N2159M accident descriptionGo to the Illinois map...
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|Accident date||November 27, 2007|
|Aircraft type||Herink H R/HERINK R W Challenger|
|Location||Apple River, IL
Near 42.466389 N, -90.169445 W
HISTORY OF FLIGHT
On November 27, 2007, at 1636 central standard time, an amateur-built Herink Challenger II, N2159M, collided with the terrain following a loss of control near the Foster Airport (7A4), Apple River, Illinois. The private pilot was fatally injured. The airplane was substantially damaged. The local personal flight was being operated under 14 Code of Federal Regulations Part 91. Visual meteorological conditions prevailed and no flight plan was filed. The flight originated from 7A4, about 1600.
The pilot reportedly took off from 7A4 and was practicing takeoffs and landings when the accident occurred. A witness reported the pilot flew once around the traffic pattern prior to the accident.
A witness reported seeing the airplane just north of the airport heading in a southeasterly direction. He stated the airplane was low, approximately 80 feet above the ground, and it barely cleared a group of trees prior to the nose dropping. The airplane then descended into the field. The witness reported that there were occasional wind gusts in the area around the time of the accident.
The pilot, age 70, held a private pilot certificate with an airplane single-engine land rating, issued September 20, 1974. The pilot did not hold a current medical certificate.
The pilot's family provided copies of the pilot's logbook for review. The last entry in the second of two logbooks was dated August 25, 1996. The logbook showed the pilot had a total flight time of 171.6 hours and that his last biennial flight review was on March 24, 1996.
A family member of the pilot stated the pilot kept the airplane on his property, which was across the street from the 7A4. She stated he frequently flew the airplane between several farming properties in the area.
The accident airplane was an amateur-built Herink Challenger II, serial number CH20289R0392. The majority of the two-place airplane was constructed of fabric covered aluminum tubing. The nose cone, wheel pants, and center wing covering were fiberglass. The airplane was powered by a 52 horsepower, pusher mounted, Rotax 503 engine.
The airplane did not have an airworthiness certificate and maintenance records were not located during the investigation.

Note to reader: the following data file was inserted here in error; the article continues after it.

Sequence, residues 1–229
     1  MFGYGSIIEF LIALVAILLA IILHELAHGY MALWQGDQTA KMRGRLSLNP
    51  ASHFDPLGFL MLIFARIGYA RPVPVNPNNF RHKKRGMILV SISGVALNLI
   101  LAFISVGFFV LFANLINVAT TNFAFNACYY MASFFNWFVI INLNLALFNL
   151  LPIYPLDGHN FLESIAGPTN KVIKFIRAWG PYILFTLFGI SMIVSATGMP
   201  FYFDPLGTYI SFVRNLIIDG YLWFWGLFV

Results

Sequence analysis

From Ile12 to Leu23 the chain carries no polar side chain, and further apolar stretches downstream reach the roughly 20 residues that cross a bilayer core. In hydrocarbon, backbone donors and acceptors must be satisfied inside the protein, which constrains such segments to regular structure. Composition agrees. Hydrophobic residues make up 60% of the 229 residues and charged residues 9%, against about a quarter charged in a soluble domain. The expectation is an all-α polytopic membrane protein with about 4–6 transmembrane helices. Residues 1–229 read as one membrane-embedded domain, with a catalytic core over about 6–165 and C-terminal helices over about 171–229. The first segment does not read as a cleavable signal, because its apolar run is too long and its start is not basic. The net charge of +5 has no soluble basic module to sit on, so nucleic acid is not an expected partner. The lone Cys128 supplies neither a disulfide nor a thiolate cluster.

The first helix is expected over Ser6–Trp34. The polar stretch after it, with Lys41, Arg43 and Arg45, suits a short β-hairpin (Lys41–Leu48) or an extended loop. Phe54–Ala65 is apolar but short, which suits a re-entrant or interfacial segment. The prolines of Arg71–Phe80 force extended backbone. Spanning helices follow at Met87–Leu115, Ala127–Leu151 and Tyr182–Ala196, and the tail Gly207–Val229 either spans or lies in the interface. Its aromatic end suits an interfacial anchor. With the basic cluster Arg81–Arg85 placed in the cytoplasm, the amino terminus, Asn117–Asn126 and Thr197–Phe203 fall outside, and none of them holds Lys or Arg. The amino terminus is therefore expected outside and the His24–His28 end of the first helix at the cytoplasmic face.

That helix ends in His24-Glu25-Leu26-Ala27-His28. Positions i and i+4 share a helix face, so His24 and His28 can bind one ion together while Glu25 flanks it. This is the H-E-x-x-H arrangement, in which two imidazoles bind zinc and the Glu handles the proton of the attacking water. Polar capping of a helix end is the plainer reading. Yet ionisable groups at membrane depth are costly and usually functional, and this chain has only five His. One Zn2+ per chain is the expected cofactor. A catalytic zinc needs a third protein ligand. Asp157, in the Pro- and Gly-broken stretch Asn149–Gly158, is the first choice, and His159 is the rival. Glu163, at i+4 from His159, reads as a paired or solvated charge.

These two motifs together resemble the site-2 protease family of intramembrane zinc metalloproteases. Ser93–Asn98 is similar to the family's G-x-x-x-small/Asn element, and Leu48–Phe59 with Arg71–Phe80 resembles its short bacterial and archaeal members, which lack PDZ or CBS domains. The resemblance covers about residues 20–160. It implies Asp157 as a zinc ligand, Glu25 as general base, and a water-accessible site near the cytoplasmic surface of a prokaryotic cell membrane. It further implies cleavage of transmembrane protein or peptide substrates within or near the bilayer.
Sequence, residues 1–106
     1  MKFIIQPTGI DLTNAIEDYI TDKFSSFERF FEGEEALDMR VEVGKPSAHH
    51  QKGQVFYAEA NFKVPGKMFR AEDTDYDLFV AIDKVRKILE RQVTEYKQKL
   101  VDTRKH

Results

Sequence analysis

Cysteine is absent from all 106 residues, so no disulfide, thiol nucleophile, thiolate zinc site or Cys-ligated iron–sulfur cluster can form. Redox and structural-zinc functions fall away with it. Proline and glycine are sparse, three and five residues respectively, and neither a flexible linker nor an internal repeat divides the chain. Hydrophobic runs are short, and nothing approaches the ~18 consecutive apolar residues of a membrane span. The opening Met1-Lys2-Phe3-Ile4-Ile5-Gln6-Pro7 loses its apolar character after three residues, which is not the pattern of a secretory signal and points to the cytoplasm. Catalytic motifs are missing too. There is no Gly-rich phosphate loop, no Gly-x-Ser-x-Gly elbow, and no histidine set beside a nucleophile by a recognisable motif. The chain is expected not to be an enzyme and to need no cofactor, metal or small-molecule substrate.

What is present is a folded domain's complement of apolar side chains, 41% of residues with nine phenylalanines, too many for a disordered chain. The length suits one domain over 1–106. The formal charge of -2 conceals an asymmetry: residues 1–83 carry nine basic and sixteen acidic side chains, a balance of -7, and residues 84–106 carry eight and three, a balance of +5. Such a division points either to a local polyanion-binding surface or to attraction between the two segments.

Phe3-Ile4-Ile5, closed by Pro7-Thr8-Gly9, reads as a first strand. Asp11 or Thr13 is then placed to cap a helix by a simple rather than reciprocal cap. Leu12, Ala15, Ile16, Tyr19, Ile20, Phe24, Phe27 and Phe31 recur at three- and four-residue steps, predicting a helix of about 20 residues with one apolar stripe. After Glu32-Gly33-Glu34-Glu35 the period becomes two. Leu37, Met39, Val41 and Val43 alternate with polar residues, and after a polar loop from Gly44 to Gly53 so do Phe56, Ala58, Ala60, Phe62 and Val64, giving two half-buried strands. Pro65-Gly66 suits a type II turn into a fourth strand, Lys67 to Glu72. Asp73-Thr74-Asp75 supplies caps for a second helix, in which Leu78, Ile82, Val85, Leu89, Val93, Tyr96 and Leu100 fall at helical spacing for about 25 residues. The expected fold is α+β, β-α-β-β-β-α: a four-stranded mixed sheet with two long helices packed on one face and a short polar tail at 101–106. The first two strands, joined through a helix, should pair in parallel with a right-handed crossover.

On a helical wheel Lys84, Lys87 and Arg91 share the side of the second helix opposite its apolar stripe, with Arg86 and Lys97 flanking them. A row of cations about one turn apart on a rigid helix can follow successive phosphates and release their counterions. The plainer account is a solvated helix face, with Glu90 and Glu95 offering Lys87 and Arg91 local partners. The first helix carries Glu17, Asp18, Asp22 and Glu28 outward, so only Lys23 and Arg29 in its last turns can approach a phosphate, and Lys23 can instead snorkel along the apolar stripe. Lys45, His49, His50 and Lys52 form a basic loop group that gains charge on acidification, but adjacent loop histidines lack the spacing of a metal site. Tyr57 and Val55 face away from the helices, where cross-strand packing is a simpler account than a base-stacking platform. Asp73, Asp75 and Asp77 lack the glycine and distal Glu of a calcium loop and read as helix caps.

The weather conditions reported at the Dubuque Regional Airport (DBQ), Dubuque, Iowa, 23 miles west of the accident site, at 1653, were: Wind calm; visibility 10 statute miles; clear skies; temperature minus 4 degrees Celsius; dew point minus 15 degrees Celsius; altimeter 30.33 inches of mercury.
A witness reported that there were occasional wind gusts in the area around the time of the accident.
WRECKAGE AND IMPACT INFORMATION
The wreckage, located in an open field, was approximately one-quarter mile northeast of 7A4. The airplane came to rest in an upright position. The nose of the airplane, including the instrument panel, was crushed leaving the area in front of the forward seat exposed. Both wing struts collapsed and both wings folded downward around the cockpit area. The wings, engine, and cockpit area were canted to the left. The leading edge aluminum tubing on the left wing was bent rearward. The left wingtip covering was separated from the wing and found near the main wreckage. The right wing was relatively intact with little damage other than being bent downward at the wing root. Both blades on the wooded propeller were broken. The aft fuselage and empennage structure was primarily intact.
Flight control continuity was established from the cockpit controls to the flight control surfaces. The propeller was rotated by hand and compression was achieved on all of the engine cylinders. Fuel was present in the carburetor, fuel lines, and in the aircraft fuel tank.
MEDICAL AND PATHOLOGICAL INFORMATION
An autopsy on the pilot was performed November 28, 2007, at the Winnebago County Coroner’s Office, Rockford, Illinois. The autopsy report listed the immediate cause of death as "Blunt trauma of the head, neck and chest."
A Forensic Toxicology Fatal Accident Report was prepared for the pilot by the FAA Civil Aeromedical Institute, Oklahoma City, Oklahoma. The results for tests performed were negative.